As the end of my year in Korea quickly approaches, I thought I’d take some time to reflect and look back over the entire year…
(DISCLAIMER: I have had an amazing time in Korea, even if my time wasn’t perfect or even close to the experiences of others. Don’t be alarmed by the negative aspects as I’m only trying to report objectively and honestly. My goal is to paint a complete picture of my time abroad for my friends and family at home. In no way is this ended to be racist or overly critical; these are merely observations based on only my personal experiences. I’ve already spoken at great length about the positives…. this is just the other side of the equation. Rest assured, the good far outweighs the bad.)
Teaching English as a Second Language overseas is quite a unique experience with many facets. Minuscule aspects of daily life, second nature to most people, become major issues for ex-pats including but not limited to: acclimating to your host culture, changes in sleep/work schedule, daily and weekly routines, social involvement with new friends and romantically, finding your way in a new environment, getting along with your coworkers and students, the way the school is managed, and your ability – or inability – to communicate.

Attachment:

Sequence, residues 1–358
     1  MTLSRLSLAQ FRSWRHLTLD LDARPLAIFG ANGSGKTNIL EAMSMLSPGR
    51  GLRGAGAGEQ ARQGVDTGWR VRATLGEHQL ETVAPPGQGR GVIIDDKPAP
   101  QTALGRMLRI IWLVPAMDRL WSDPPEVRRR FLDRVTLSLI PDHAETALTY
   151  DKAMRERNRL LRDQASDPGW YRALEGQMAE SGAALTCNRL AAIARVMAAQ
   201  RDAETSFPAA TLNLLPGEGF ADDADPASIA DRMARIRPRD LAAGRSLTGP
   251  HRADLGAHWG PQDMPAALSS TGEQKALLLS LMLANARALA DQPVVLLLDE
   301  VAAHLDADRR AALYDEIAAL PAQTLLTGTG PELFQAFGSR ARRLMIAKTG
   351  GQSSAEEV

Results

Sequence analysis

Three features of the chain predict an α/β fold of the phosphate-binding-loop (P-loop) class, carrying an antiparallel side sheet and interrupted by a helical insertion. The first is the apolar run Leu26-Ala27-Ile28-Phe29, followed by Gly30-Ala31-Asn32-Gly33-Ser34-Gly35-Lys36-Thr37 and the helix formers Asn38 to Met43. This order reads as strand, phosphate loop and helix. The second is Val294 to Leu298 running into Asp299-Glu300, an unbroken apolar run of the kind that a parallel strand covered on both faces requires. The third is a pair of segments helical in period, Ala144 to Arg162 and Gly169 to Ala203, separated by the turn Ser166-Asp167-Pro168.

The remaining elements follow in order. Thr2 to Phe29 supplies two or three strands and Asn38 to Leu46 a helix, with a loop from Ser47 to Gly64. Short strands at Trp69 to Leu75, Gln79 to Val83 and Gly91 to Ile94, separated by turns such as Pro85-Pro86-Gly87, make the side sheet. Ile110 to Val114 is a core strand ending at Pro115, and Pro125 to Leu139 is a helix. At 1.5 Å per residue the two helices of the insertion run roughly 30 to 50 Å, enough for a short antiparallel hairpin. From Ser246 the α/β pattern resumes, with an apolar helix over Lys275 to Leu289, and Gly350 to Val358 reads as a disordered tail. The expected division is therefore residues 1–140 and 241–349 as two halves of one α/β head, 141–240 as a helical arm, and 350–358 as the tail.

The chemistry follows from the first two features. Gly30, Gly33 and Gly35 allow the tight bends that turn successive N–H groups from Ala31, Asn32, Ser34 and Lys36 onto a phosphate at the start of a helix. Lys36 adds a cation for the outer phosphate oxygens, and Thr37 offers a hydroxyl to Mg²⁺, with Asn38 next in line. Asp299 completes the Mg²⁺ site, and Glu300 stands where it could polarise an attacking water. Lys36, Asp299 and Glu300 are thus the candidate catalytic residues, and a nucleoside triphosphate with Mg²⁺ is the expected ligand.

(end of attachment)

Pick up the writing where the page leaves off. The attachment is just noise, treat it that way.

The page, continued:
We are the sum of the choices we make. I made a conscious decision to live in Daegu (pop. 3 million people) as opposed to Seoul (pop. 20 million people). I had my reasons. And I will stand by them; however, other ex-pats who chose Seoul or Tokyo over smaller towns and villages, experienced a completely different lifestyle. Which is better? That’s not for me to say. My point is everyone’s stories will differ greatly. Some teachers have day jobs while others teach in the evenings; the schedule also has a great deal of impact on each ex-pat’s experience.
These are only some of my own personal observations (to be added to a year’s worth as chronicled in this blog).
First and foremost, Korea is a very confused nation. Having been sandwiched between two superpowers over the past five thousand years has left them void of a cultural identity. Because of this, Koreans gravitate toward Western culture to plug the holes. Technology, arts and entertainment, sports, fashion, food, transportation, and other aspects of life in a Korean city and borrowed (or stolen) directly from America.
The worst of these is the image-based, superficial society. South Korea has the international record for most cosmetic surgeries per capita (40% of women under 50 go under the knife). They care so much about the way their faces look and which clothes they buy, they spend hours staring at themselves in their smart phones adjusting and readjusting their hair and makeup. I’ve literally witnessed a half-dozen teenager or twenty-something Koreans sitting around a table – none of them speaking to each other, but all are either texting other people or staring at the own image in their smart phone screens (older Koreans don’t fall prey to this behavior and I’m concerned about similar symptoms present in the American youth).